How do dental x-rays work?

Types of dental x-rays

Digital x-rays

We seek to render the most professional care consistent with the "state of the art" as current standards apply to dentistry. We share your concern about x-rays and we take every precaution to minimize them. Among these safeguards:

  • Every patient, male or female, old or young is draped with a lead radiation apron before any x-ray is taken.
  • We try to postpone all x-rays with women who are or might conceivably be pregnant. The one exception is with absolute emergencies - and then only with the consent of her obstetrician.
  • Digital x-ray sensors are used. Radiation is minimized because less time is required for exposure.
  • Check up x-rays are taken only where indicated and under the following schedule:
    • 1. Decay prone or periodontal problems: Every 6 months.
      2. No new pathology for 18 months: Every 12 months.
      3. Full mouth survey: Every 5 years or as indicated.

There has never been a single instance reported in the dental or scientific literature of a patient contracting a malignancy because of dental x-rays.

The amount of radiation received from dental machines is as little as one twentieth of the power of a medical x-ray machine. Another major difference with dental x-rays is that there is literally no scatter x-rays - therefore a dental office wall does not have to be lead lined as a medical wall must be. Yet, the benefits to be derived from necessary dental x-rays are far greater than the hazards. If we missed finding a tumor which could destroy half a jaw bone or missed decay which could develop into a nine hundred dollar root canal and crown treatment, would you feel that your refusal to have x-rays was realistic? Most people feel that such a real saving in health or economic costs is worth it. Remember also that the amount of radiation you receive from a session of dental x-rays is about the same that you would receive from the cosmic x-rays that you get during a flight at high altitude across the United States.

Radiation comes to us from natural sources too. We breathe radioactive radon in the atmosphere. We're exposed to cosmic radiation from space and terrestrial radiation from radioactive isotopes in stone and building materials. In addition to natural radiation we get radiation from tobacco smoke, watches with luminous dials, color television sets and computer screens.

A complete dental exam gives about one and half day's worth of radiation exposure.

How do dental x-rays work?

When X-rays pass through your mouth during a dental exam, more X-rays are absorbed by the denser parts (such as teeth and bone) than by soft tissues (such as cheeks and gums) before striking the film. This creates an image on the radiograph. Teeth appear lighter because fewer X-rays penetrate to reach the film. Cavities and gum disease appear darker because of more X-ray penetration. The interpretation of these X-rays allows the dentist to safely and accurately detect hidden abnormalities.

Types of dental x-rays -

Full series - Taken to view all teeth and surrounding tissues. Very high definition details of the individual teeth.



Bitewing - Taken to view back teeth and specifically to view between the teeth (an area that cannot be checked visually) and the bone (periodontal) levels. A bitewing series is used to update a recent full series on a regular schedule that is appropriate for each patient.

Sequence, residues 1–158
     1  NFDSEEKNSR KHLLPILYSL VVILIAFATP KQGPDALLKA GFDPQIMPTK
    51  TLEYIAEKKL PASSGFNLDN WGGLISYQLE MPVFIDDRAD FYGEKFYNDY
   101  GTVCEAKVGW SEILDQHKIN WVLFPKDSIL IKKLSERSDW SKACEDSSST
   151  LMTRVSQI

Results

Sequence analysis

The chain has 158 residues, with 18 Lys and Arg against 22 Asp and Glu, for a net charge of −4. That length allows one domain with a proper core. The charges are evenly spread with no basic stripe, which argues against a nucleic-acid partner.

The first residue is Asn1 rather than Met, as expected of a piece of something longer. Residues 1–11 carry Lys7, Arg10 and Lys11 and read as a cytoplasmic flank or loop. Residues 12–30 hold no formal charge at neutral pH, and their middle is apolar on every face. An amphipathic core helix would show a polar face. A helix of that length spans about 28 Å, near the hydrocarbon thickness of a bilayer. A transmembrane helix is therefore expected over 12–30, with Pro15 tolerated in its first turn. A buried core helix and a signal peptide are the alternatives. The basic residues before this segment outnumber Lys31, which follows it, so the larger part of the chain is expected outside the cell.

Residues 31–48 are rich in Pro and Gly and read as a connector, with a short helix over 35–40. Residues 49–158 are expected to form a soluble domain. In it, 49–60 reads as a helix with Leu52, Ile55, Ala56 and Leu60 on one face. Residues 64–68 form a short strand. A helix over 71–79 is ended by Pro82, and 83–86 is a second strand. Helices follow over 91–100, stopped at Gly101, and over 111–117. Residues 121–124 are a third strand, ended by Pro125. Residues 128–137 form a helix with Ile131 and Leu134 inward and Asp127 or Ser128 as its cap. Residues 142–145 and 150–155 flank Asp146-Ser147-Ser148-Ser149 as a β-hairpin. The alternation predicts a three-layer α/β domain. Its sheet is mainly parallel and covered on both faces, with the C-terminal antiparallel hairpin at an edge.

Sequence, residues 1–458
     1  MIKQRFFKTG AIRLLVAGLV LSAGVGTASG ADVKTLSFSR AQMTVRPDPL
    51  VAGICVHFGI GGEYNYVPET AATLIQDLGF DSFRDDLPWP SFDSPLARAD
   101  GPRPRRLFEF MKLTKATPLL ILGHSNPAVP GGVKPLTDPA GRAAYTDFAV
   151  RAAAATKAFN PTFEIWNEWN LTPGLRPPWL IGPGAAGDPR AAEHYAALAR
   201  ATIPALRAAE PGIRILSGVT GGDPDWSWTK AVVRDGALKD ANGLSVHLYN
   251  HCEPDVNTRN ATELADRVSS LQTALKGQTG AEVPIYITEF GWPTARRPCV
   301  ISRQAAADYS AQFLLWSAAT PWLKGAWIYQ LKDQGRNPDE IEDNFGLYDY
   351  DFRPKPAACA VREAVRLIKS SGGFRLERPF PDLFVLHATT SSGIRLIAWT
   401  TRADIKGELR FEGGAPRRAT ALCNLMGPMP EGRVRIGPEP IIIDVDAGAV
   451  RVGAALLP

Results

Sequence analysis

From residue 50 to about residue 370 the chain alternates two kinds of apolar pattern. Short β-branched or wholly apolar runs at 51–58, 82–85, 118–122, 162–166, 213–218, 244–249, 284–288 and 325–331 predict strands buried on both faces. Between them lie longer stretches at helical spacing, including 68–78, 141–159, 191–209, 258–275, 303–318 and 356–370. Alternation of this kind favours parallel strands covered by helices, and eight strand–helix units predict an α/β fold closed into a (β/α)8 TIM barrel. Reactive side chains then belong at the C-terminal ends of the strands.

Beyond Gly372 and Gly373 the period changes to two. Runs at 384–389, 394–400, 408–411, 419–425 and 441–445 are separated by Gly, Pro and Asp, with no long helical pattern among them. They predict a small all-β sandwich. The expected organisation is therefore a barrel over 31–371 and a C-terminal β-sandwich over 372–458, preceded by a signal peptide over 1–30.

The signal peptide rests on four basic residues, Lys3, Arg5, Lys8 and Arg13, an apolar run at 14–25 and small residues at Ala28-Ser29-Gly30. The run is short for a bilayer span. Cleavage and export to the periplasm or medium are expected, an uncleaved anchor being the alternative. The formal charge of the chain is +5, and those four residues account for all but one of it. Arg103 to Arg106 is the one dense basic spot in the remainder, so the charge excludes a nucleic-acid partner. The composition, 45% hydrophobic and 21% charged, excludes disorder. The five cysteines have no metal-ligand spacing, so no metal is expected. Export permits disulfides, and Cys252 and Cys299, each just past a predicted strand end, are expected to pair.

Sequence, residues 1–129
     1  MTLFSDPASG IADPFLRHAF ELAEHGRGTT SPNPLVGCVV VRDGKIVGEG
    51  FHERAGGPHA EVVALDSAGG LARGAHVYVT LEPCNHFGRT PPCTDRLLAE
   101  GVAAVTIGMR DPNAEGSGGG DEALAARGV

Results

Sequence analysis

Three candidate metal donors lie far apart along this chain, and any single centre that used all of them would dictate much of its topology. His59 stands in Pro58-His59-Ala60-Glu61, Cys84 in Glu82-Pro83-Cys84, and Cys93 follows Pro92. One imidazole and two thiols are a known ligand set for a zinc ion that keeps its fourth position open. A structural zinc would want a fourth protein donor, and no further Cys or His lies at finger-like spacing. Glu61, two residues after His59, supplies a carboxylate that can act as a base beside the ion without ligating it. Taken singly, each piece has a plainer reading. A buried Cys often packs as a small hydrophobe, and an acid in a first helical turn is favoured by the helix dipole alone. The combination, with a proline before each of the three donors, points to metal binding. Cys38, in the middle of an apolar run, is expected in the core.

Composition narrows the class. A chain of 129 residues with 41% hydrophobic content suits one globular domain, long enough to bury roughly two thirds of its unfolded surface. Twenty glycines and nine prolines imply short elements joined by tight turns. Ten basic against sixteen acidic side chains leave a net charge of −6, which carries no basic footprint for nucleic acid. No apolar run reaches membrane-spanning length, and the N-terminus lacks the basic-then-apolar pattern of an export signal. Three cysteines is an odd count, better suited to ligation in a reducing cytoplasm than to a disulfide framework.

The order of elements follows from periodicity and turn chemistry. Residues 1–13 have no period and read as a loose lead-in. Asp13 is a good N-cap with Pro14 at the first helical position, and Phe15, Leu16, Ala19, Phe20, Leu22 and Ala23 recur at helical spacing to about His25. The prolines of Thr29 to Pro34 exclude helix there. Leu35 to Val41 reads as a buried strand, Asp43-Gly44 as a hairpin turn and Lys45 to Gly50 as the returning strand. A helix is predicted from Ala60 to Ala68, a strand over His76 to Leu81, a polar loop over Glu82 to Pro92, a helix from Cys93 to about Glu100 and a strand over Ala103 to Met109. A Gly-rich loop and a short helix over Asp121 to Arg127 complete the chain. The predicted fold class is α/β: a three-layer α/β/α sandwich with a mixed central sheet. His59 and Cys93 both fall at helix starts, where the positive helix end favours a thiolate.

Panoramic - Complete upper and lower jaw. Good for impacted teeth, eruption of permanent teeth, jaw fractures, tumors, cysts, etc. Not as good as full series for the details of individual teeth.

In this panoramic x-ray of a 7 year old the forming permanent teeth can be viewed. The light gray on the extreme right and left is the spine.


In this example of a panoramic the developing wisdom teeth (3rd molars) can be observed in this 16 year old.



Cephalometric- side view of the head, used most commonly for orthodontic determinations of treatment.

Note - The soft tissues of the face are specially enhanced so as to be able to determine the changes to profile that orthodontic therapy will alter.


Other types - There are specialized films taken for surgery, orthodontics and implant placement.

Digital x-rays


We have replaced the traditional x-rays with the latest in technology !!!

Two of the things you'll first notice are.........


1. The x-ray image appears on the computer screen INSTANTLY.

2. The image is large and very easy to see and understand.
Other benefits to this new technology......

Less Radiation:Digital X-ray provide an 80% reduction in radiation since the exposure time is reduced dramatically.
Magnified Images:Digital X-rays are easily displayed at larger sizes. We are even able to magnify the image to show you close up any areas of concern.
Earth Friendly: Digital X-rays are electronic so they save us from needing to use harsh chemicals which are no longer disposed of in the sink.
Insurance Processing: Electronic submission of insurance claims is much faster.

With digital x-rays, a sensor replaces the film normally used for traditional x-rays. The sensor plugs into the USB port on an ordinary computer and are solid-state electronic devices called "charged-coupled devices" (CCD). CCD's used in our dental imaging is essentially the same as the CCD's used in digital cameras.

X-rays are an important part of your dental visit, because they help us diagnose problems we can't see on the surface. Digital X-rays are just one way we are working to make your visits better.

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Our Office

Dr. Maury Hafernik
11645 Angus Road, Suite 10
Austin, Texas 78759
P: (512) 345-5552

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